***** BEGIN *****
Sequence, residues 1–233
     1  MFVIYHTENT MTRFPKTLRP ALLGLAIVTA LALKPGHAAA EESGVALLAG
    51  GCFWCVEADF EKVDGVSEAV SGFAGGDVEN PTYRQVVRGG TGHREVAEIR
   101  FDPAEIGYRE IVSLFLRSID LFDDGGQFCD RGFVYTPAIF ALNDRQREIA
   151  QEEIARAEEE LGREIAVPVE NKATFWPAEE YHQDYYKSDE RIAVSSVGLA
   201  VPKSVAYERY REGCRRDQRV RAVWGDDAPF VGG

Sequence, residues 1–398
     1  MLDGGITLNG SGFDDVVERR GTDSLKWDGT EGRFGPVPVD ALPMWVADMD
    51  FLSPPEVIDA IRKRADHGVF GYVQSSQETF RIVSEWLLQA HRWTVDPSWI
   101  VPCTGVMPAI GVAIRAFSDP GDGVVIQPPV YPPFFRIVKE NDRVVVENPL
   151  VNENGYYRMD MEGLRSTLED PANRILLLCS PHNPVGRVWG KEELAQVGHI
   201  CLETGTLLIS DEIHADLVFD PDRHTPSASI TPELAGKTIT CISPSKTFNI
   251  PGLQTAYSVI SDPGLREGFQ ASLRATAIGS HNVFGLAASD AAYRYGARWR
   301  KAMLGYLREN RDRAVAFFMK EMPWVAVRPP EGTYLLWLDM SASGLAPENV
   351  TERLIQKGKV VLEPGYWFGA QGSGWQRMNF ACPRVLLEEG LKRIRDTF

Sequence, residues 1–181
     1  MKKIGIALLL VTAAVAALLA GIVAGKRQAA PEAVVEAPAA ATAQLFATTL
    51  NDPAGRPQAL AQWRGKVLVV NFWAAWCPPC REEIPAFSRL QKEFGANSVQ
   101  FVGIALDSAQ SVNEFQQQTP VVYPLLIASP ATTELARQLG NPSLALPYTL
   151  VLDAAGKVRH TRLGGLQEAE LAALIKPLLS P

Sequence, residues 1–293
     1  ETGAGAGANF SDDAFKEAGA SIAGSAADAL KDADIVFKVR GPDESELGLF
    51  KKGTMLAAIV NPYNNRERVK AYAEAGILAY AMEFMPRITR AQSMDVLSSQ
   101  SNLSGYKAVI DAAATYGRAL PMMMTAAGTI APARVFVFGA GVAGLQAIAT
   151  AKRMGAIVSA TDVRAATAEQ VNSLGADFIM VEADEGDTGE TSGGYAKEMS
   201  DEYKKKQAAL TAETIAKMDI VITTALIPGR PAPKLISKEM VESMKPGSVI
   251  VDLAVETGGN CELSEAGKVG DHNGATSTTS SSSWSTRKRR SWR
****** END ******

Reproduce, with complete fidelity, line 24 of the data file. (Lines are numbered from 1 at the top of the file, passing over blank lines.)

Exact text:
   101  SNLSGYKAVI DAAATYGRAL PMMMTAAGTI APARVFVFGA GVAGLQAIAT